But through efforts of the residents and local organizations such as the Tucson Urban League and the Juneteenth Festival Committee, the neighborhood has been through a significant and continuing transformation in recent years.

The two organizations helped form the Dunbar Coalition to purchase the closed John Spring Junior High School, which opened just before 1920 as the Paul Laurence Dunbar School, named after the renowned African-American poet. The coalition worked to turn the school into the Dunbar African American Culture Center, now a centerpiece of the neighborhood. A significant presence of artists in the formerly abandoned warehouses at the south end of the neighborhood also helped breathe life into the area.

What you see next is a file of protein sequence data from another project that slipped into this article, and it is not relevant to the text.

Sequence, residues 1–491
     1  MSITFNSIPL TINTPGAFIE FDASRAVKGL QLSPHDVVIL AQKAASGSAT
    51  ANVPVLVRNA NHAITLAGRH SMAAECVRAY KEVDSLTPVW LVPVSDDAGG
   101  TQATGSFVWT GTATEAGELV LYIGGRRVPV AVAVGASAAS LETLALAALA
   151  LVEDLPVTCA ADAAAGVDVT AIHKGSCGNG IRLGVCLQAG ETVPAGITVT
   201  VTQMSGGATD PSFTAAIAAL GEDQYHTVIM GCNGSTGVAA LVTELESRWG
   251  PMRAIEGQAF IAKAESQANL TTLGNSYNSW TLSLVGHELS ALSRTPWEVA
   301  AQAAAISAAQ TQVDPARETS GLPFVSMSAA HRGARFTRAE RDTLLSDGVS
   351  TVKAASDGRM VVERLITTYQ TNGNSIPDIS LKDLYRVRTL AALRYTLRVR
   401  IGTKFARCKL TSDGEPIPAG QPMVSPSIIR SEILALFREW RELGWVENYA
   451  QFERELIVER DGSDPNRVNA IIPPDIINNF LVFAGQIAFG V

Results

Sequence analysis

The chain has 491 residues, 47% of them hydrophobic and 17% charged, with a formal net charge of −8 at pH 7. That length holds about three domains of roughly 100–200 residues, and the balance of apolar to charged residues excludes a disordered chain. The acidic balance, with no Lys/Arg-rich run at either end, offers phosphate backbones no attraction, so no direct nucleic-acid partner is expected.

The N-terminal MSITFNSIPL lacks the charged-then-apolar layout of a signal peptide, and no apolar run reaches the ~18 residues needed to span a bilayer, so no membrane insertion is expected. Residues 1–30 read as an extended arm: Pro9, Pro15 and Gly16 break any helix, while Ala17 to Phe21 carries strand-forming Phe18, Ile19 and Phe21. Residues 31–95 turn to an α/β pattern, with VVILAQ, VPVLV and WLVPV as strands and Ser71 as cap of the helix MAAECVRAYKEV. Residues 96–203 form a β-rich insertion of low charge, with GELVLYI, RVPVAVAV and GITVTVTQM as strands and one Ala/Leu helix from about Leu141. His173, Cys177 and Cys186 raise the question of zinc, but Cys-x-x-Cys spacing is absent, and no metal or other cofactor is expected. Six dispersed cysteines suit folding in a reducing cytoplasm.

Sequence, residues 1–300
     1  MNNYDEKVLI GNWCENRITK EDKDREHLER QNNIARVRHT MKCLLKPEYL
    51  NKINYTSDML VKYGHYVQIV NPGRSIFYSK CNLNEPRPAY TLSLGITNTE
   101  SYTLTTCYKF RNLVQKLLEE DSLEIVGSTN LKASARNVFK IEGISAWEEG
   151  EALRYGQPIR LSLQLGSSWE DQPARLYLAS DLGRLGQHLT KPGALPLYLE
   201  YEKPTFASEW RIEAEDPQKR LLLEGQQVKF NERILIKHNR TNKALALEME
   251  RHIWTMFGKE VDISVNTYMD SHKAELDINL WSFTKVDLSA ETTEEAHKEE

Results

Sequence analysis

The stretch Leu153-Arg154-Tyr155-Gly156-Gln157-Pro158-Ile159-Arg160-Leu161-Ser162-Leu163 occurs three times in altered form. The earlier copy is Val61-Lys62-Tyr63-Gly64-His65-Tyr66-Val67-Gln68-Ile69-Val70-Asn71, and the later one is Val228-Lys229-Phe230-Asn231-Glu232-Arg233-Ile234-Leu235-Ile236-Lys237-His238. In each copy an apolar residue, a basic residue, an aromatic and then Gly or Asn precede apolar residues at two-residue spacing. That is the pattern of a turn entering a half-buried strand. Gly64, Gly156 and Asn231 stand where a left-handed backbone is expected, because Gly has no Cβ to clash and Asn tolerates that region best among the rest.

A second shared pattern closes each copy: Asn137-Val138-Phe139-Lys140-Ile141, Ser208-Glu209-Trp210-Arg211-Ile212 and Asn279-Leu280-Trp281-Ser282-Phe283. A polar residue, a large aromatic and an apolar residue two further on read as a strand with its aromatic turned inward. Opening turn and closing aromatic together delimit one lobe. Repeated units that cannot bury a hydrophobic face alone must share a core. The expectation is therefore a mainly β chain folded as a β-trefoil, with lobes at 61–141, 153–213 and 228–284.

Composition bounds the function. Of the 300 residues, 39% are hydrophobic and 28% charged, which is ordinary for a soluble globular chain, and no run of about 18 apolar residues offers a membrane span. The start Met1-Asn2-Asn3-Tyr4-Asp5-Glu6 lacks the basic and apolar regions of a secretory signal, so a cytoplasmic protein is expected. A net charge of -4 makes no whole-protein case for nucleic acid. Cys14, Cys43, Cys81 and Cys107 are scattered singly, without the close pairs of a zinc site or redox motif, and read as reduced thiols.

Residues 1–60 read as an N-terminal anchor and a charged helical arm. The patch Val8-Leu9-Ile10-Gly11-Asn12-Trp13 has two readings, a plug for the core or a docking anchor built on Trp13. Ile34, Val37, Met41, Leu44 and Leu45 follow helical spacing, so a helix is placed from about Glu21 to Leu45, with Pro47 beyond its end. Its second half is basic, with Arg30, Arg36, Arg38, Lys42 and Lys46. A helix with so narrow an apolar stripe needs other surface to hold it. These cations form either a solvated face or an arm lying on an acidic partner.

“A core essence of this neighborhood and many of the people living here is a great ability to turn adversity into potential,” said Brad Lancaster, a resident since 1998 whose water harvesting efforts and involvement in tree-planting for the area have helped create a much more “walkable” neighborhood despite the absence of sidewalks.

“This is a neighborhood of open front porches, not closed garage doors,” he said. “The architecture encourages community interaction.”

While there are many examples of adversity that neighbors have faced over the years, one that continues to stand out as an oddity is the fact that nearly half of the neighborhood sits on a former cemetery that was not completely relocated when the houses and streets started going up.